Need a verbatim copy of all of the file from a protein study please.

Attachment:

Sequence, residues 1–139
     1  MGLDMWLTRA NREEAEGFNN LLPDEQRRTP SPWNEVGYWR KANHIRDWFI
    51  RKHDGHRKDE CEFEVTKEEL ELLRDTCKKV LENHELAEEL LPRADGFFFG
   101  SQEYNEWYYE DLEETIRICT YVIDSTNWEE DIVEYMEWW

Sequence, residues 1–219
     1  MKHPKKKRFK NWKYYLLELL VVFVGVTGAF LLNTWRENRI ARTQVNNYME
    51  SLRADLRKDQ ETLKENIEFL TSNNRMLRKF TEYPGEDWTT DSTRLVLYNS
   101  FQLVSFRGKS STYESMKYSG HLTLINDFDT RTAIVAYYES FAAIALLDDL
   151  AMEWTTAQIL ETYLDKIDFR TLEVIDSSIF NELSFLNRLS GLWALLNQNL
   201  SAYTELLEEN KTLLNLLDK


Sequence, residues 1–139
     1  MGLDMWLTRA NREEAEGFNN LLPDEQRRTP SPWNEVGYWR KANHIRDWFI
    51  RKHDGHRKDE CEFEVTKEEL ELLRDTCKKV LENHELAEEL LPRADGFFFG
   101  SQEYNEWYYE DLEETIRICT YVIDSTNWEE DIVEYMEWW

Sequence, residues 1–219
     1  MKHPKKKRFK NWKYYLLELL VVFVGVTGAF LLNTWRENRI ARTQVNNYME
    51  SLRADLRKDQ ETLKENIEFL TSNNRMLRKF TEYPGEDWTT DSTRLVLYNS
   101  FQLVSFRGKS STYESMKYSG HLTLINDFDT RTAIVAYYES FAAIALLDDL
   151  AMEWTTAQIL ETYLDKIDFR TLEVIDSSIF NELSFLNRLS GLWALLNQNL
   201  SAYTELLEEN KTLLNLLDK